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Panasonic TX-P55VT65B review

Fully loaded and capable of staggering picture quality, the Panasonic TX-P55VT65B is pretty big and totally beautiful

Many brands have binned plasma technology as too expensive and tricky to build, but Panasonic is made of sterner stuff.

Its VT65 range of TVs makes the case for plasma so loudly the company may as well be yelling into a PA system – and this 55-inch TX-P55VT65B might have the biggest mouth of the lot. It could be the very best TV we’ve seen this year. And we’ve seen loads.

The Fundamentals

Panasonic TX-P55VT65B review

Doesn’t matter what the source of your picture is – Blu-ray, PS3, TV, Netflix, you name it – the Panasonic’s picture quality is immense. Images are sharp and crisp, but natural too, and there’s more detail on show than on an F1 car’s service history.

In every other key area, too – like motion, contrast, black levels, 3D stability – the 55VT65B keeps on impressing like it’s the most natural thing in the world to just blitz opponents as credible as Philips’ 55PFL8008 or Sony’s KDL-55W905A.

Online like it means it

Panasonic TX-P55VT65B review

Time was Panasonic was not so much behind its rivals where smart TV was concerned as still trying to get its tracksuit off while the others crossed the finishing-line. But those days are gone. The 55VT65B is a slick online proposition – its My Home Screen interface lets you mix and match content and apps any way you like. Others (all right, Samsung) might have a bit more visual pizazz but the Panasonic has the sort of apps you’re really going to use (Netflix and iPlayer, to name two) and is dead simple to navigate.

Complete control

There are two remote controls here – one basically has All The Buttons, just like every other TV remote you ever saw, and the other is a really sweet little pebble-shaped thing with a responsive touch-pad and a trigger on the bottom. Then there’s the bright, logical Viera 2 control app (the Android version has swipe/share for simple shifting of network-attached content). If you like the sound of your own voice there’s always Voice Control – it works surprisingly well. So if you find you can’t control this TV quickly and simply, it’s not the 55VT65B’s fault – it’s yours.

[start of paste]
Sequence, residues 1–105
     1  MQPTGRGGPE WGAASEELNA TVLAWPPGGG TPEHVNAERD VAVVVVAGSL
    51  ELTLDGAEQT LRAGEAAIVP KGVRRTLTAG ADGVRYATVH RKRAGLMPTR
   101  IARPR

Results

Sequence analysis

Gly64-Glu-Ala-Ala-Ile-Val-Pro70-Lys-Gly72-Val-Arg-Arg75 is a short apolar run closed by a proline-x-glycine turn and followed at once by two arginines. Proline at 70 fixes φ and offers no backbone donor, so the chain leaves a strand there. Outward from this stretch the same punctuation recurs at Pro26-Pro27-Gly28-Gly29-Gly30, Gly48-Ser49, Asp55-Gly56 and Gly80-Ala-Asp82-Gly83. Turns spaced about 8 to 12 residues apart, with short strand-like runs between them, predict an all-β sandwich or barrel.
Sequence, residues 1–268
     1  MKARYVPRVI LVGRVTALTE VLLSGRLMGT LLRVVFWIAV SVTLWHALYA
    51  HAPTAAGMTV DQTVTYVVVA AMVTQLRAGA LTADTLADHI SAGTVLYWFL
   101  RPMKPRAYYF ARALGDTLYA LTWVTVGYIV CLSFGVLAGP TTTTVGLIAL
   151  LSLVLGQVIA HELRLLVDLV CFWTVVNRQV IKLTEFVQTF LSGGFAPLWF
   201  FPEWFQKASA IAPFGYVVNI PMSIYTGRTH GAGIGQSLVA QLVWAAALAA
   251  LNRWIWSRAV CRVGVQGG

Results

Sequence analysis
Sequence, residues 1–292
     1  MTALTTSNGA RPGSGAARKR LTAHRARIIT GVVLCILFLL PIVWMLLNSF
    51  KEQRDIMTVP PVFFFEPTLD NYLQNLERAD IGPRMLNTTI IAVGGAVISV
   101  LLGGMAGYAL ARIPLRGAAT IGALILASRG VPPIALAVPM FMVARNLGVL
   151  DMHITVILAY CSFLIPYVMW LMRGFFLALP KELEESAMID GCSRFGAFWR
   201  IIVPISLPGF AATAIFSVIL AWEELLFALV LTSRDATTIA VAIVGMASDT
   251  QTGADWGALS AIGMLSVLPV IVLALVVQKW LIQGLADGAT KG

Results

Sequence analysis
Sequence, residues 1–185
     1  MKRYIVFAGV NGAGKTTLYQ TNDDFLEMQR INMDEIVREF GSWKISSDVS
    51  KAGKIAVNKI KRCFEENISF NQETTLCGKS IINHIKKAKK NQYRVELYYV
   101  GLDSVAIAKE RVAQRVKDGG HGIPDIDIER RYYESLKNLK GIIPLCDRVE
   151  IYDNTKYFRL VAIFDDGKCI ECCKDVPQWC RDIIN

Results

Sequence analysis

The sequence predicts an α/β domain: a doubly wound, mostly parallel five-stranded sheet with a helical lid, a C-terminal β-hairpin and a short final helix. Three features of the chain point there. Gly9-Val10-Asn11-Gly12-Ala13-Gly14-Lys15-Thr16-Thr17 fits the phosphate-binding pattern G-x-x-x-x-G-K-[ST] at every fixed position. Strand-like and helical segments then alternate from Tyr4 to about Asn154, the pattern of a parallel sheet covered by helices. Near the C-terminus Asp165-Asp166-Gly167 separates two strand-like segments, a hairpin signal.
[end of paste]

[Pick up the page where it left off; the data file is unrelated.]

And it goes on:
Thin, but in a good way

Panasonic TX-P55VT65B review

Panasonic build quality has never been in doubt, but pretty much everyone else that matters (LG, Samsung, Sony, the resurgent Philips, too) has been able to turn out better designed, more desirable TVs-as-objects. Panasonic has managed to turn even that around with the VT65 range, though, and on a big frame like this that ‘flying-V’ stand looks even more striking. The 55VT65B is slim and hasn’t much bezel to speak of, so consequently it looks the business even when it’s turned off.

Specs appeal (that’s right, we said it)

Panasonic TX-P55VT65B review

So it has Freeview HD and Freesat TV tuners. It has active, and effective, 3D. It has built-in wi-fi and more inputs than you need. It has a great smart TV interface, a daft Touch Pen for writing on the screen if you’re that way inclined and a built-in camera for Skype and what-have-you. It even has speakers that don’t sound offensive. Most rivals do less, none does more.


Panasonic TX-P55VT65B review

Every properly significant TV manufacturer has at least one model this big and this expensive in its range, but in the end its rivals can’t see the Panasonic TX-P55VT65B for dust. In every department – build quality and styling, user-friendliness, online prowess, picture quality (especially picture quality) – the Panasonic satisfies. Deeply. If you find a better TV, you should buy it immediately and tell us about it. Until then the TX-P55VT65B will be sitting pretty at the top of our list of the best TVs in the world.

Stuff Says…

Score: 5/5

Picture: 5/5

Sound: 4/5

Design: 4/5

Smarts: 5/5

This Panasonic could be all the television you’ll ever need and is worth every penny

Good Stuff

hugely brilliant picture quality

accomplished smart TV

great control app, especially on Android

Bad Stuff

touch-pen only encourages the clumsy

can’t pretend it’s not expensive

um… did we mention the touch-pen?

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